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UvA Alumni Portraits: Renewable Energy with Joost Samsom, founder of Voltiq

Updated: Mar 28, 2021

Joost Samsom is the founder of Voltiq, a company in charge of maximising renewable energy project returns by raising, restructuring and negotiating debt and equity packages. Samson believes we can achieve using 100% renewable energy, but only with the commitment of the state and a lot of investment. In this interview you will read about our discussion on subsidies. We also discuss limits to this sector, such as lack of sustainable resources used, and the direction in which the sector is going. The goal: making renewable energy available and accessible to all. To find out more, read the whole interview down below!


Rivas Gabriel (interviewer): Could you tell us a bit about Voltiq, your company, and about your position there?

Joost Samsom: I'm one of the founders of Voltiq. It was founded at the end of 2009, by myself, and another Dutch guy called Paul Rittersma and a Spanish guy called Manuel Cabrerizo. The three of us knew each other from the times when I worked for a Dutch energy utility company. So we decided, in the course of 2009, that we want to start our own company. Basically continuing doing what we had been doing for our respective bosses, but then for ourselves, and for clients. What we had been doing in our previous jobs was working on all the different contracts to create a new wind project or to create a new solar project. If you want to start a solar project, just as an example, you probably need environmental permits, and you need permits to connect to the transmission grid. But, you also need financing, you need contracts to get the project constructed, you need insurance in order to create the project. We had been doing that for our respective bosses and employers. The thinking behind Voltiq was to offer this holistic service to clients to help them bring their projects to reality. This is really what Voltiq does, the focus is on finance, because it's easier for clients to understand what we do, but we do much more than that. We also work on all those other contracts that are needed to create a project.

Rivas Gabriel: For our readers that don't know much about finance, what is the day to day like in the finance sector?

Joost Samsom: Financing of this type of projects is typically called assets finance, because you are financing something that is real. It's a tangible project that you can see and that will be there for a long time. So, these types of assets are typically financed on the one hand by what is called equity capital. So, that is usually cash from the investor. And partly by banks which is called debt. Typically that can be like maybe 20 or 30 percent equity capital and maybe 70 or 80% bank financing. So, what we do is basically help get the money for projects, both the equity capital and the debt financing. That money could come from anywhere, if we take a solar project in Colombia, and the money could come from Germany, and the bank financing could come from a Dutch bank. It's a very international market. It's a complex process because the bank also has to understand all the different contracts and structure their risk in the proper way to, at the end of the day, get their money back. That is what we do in the financing space: connect the project world and the financing world and bring projects to reality that way.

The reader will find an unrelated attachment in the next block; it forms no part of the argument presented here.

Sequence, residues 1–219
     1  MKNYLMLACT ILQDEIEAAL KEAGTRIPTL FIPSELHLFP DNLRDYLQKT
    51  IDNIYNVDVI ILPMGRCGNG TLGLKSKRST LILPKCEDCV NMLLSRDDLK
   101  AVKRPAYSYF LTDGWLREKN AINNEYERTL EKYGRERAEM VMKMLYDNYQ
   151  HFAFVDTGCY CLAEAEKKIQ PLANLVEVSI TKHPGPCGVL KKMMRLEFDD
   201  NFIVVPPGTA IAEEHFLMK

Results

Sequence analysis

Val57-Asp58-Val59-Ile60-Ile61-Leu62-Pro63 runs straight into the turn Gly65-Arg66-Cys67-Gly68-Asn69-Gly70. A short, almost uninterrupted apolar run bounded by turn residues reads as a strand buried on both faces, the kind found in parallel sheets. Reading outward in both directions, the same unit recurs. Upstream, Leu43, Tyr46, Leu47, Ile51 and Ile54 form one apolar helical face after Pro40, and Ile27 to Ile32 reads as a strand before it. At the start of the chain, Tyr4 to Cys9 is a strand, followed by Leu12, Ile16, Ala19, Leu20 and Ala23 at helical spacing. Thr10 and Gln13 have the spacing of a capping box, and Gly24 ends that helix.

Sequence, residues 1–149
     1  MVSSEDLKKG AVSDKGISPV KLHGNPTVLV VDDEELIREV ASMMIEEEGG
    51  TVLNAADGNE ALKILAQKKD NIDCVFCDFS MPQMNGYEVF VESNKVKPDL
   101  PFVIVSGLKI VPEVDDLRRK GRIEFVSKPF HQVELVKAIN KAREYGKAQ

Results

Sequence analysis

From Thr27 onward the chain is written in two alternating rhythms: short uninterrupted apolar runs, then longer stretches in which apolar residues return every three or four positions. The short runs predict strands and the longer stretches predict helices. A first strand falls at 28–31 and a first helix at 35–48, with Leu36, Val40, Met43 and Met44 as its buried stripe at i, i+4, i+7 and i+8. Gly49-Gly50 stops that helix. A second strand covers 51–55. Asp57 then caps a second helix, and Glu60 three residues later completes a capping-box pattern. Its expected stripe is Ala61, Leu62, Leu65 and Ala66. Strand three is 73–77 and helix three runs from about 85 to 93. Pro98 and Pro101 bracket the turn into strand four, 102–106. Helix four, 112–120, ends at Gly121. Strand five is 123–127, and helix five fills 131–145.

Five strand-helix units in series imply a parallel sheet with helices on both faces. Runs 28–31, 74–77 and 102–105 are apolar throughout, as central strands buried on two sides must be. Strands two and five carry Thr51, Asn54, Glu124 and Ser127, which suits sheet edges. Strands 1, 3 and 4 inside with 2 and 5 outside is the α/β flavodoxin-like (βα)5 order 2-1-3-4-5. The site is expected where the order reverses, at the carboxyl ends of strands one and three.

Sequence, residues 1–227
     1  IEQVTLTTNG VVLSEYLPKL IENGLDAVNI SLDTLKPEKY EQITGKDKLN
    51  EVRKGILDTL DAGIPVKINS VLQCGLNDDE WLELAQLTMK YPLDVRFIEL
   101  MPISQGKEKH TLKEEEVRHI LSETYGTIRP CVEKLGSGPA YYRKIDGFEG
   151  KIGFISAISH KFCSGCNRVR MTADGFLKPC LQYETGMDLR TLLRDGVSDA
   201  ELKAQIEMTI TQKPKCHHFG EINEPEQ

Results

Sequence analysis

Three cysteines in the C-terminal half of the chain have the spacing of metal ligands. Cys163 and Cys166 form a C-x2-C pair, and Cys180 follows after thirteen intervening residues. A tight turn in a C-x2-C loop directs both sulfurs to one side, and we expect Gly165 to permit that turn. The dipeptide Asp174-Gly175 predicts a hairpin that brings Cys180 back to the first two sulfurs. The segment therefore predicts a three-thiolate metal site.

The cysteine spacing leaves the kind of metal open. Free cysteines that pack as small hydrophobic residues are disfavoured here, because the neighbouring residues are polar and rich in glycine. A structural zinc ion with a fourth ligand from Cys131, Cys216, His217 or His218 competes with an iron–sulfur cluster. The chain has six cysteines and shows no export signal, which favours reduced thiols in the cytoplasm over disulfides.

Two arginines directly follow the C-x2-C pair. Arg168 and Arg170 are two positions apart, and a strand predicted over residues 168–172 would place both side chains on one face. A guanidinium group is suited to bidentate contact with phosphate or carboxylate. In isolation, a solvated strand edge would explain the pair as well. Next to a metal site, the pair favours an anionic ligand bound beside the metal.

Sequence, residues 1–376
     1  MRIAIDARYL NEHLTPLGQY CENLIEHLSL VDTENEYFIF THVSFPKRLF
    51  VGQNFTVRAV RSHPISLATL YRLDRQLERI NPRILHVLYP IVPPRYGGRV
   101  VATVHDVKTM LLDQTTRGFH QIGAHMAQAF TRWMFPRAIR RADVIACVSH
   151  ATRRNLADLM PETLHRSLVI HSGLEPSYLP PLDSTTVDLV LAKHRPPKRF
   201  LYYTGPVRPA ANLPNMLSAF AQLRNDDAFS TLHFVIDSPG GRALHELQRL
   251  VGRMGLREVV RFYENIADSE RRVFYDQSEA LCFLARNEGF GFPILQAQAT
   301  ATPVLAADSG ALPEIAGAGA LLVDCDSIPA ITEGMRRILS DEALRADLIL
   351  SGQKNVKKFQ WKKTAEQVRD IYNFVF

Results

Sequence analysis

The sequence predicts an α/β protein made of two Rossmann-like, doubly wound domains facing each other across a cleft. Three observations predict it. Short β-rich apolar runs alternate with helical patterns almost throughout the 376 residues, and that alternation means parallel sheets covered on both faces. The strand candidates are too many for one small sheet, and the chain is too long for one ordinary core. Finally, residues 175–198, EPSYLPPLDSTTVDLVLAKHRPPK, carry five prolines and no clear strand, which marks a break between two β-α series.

Rivas Gabriel: Basically, nothing happens without financing.

Joost Samsom: Yeah, exactly.


Rivas Gabriel: We want to ask you some questions about the energy sector itself, a very important part of public discourse nowadays, because of global warming. We need to look for alternatives and rich countries are subsidizing in many cases, such initiatives. Is government aid something you consider when entering a project?

Joost Samsom: Yeah, absolutely. If we look back 20 years ago, in every country in the world, renewable energy needed to be subsidized, because it was still much more expensive than traditional energy generation. The way this is expressed in the energy sector is by the so called levelized cost of energy. A levelized cost of energy is the price expressed by each kilowatt hour of electricity produced. To calculate that, you use all the costs needed to to build and operate a project, including the return that the investors want to make on their money, an average financial return; and that gives you an impression of how expensive or cheap any specific form of energy generation is on any market in the world. You can imagine that this makes a difference from one country to another because if you have a very sunny country, like Chile, for instance, which is one of the sunniest countries in the world, the levelized cost of energy of solar projects will be much lower there than in the Netherlands, for instance.